A. Rule 12(b)(6) Motion to Dismiss

"In determining whether a complaint fails to state a claim, [courts] may consider only the facts alleged in the complaint, any documents either attached to or incorporated in the complaint[,] . . . matters of which [courts] may take judicial notice," E.E.O.C. v. St. Francis Xavier Parochial Sch., 117 F.3d 621, 624 (D.C. Cir. 1997), and documents "appended to [a motion to dismiss] and whose authenticity is not disputed" if they are "referred to in the complaint and . . . integral" to a plaintiff's claim. Kaempe v. Myers, 367 F.3d 958, 965 (D.C. Cir. 2004).

When ruling on a Rule 12(b)(6) motion to dismiss, courts may employ a "two-pronged approach." Ashcroft v. Iqbal, 129 S.Ct. 1937, 1950 (2009). Courts must first assume the veracity of all "well-pleaded factual allegations" in the complaint. Id. Courts need not accept as true "'naked assertion[s]' devoid of 'further factual enhancement,'" id. at 1949 (quoting Bell Atl. Corp. v. Twombly, 550 U.S. 544, 557 (2007)), or "legal conclusions cast in the form of factual allegations." Kowal v. MCI Commc'ns Corp., 16 F.3d 1271, 1276 (D.C. Cir. 1994). A pleading must offer more than "'labels and conclusions' or 'a formulaic recitation of the elements of a cause of action' . . . ." Iqbal, 129 S.Ct. at 1949 (quoting Twombly, 550 U.S. at 555).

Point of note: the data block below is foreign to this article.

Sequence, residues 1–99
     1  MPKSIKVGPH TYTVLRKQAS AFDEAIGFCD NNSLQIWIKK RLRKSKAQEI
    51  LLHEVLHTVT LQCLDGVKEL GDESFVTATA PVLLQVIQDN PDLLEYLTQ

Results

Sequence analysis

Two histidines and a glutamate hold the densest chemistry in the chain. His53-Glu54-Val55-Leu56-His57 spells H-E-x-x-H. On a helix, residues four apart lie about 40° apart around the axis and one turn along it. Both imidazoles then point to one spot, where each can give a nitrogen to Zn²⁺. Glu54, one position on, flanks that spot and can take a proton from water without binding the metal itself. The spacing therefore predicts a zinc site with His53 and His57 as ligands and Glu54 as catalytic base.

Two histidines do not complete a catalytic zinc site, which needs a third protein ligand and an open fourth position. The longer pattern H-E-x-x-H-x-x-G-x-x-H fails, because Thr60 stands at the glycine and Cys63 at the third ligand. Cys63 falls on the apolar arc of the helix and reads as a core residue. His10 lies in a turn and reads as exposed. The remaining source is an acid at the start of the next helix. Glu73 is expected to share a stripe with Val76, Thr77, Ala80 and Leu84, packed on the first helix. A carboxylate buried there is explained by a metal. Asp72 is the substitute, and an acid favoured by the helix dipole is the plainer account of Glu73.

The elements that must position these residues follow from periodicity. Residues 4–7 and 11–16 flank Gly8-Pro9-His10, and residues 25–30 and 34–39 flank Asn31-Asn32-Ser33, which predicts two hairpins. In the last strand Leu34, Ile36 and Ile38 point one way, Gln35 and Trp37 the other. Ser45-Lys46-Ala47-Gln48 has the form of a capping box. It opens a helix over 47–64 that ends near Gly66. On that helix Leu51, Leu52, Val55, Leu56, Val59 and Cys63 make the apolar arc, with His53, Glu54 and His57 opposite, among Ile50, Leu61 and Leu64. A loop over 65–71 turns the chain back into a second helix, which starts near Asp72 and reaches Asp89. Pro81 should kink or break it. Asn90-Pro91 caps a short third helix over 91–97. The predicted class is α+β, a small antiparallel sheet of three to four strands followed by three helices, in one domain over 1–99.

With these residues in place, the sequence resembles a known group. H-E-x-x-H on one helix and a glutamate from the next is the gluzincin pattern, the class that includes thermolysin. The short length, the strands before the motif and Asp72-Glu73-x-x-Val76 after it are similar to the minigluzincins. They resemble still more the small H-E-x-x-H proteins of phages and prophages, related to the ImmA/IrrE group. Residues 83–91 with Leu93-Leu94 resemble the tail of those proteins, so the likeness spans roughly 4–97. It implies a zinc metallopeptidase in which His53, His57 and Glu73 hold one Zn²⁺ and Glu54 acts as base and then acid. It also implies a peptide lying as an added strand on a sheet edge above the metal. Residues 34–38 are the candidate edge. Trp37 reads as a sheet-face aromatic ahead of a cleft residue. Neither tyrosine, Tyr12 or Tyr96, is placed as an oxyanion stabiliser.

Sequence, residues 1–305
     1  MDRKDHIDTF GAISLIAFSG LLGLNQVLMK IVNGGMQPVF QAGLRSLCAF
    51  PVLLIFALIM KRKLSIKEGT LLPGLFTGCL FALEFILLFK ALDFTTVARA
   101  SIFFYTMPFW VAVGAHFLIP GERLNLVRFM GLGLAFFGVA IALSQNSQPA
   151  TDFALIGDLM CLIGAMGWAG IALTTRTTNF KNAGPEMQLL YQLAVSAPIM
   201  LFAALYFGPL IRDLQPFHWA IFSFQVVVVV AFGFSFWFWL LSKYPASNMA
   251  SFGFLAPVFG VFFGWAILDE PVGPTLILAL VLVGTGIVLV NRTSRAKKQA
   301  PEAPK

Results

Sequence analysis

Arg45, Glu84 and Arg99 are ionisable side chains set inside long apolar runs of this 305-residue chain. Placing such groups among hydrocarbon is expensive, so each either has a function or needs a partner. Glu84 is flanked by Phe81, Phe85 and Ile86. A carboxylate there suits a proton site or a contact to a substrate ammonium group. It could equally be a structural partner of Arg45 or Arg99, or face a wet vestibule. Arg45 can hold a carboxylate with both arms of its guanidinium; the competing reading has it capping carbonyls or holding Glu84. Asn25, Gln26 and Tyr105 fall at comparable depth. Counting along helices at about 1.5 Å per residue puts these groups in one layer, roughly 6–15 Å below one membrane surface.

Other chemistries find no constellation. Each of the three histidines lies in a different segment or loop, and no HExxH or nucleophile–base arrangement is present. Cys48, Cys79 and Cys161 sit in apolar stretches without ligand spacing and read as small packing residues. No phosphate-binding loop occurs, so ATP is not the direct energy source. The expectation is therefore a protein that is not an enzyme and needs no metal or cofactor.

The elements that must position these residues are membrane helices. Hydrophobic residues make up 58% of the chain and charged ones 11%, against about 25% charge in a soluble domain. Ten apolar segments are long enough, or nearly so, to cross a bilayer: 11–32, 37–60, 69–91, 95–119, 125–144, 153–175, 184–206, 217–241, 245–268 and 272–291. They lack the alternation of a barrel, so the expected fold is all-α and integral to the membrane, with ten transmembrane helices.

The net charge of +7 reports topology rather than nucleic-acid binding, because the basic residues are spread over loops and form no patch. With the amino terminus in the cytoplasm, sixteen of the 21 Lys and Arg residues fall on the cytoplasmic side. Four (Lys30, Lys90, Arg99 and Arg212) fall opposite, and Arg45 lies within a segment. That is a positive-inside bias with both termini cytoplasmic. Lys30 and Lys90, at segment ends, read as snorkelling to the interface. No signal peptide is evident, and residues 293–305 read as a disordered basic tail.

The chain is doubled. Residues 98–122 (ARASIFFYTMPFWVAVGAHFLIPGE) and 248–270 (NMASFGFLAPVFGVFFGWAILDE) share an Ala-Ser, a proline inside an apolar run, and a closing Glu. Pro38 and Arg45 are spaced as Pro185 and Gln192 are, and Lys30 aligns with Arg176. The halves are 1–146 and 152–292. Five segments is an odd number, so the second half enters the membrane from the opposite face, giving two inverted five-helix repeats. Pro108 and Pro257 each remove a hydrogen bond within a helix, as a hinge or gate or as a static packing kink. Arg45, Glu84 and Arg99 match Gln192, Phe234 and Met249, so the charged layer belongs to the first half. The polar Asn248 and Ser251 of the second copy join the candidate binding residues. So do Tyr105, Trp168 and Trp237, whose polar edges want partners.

Once the court has determined that there are well-pleaded factual allegations, it must determine whether the allegations "plausibly give rise to an entitlement to relief" by presenting "sufficient factual matter, accepted as true, to 'state a claim to relief that is plausible on its face,'" in that "the court [can] draw the reasonable inference that the defendant is liable for the misconduct alleged." Id. at 1949-50 (quoting Twombly, 550 U.S. at 570). Merely pleading facts "consistent with a defendant's liability . . . stops short of the line between possibility and plausibility of entitlement to relief." Id. at 1949.

B. Constitutional Claims Under 42 U.S.C. § 1983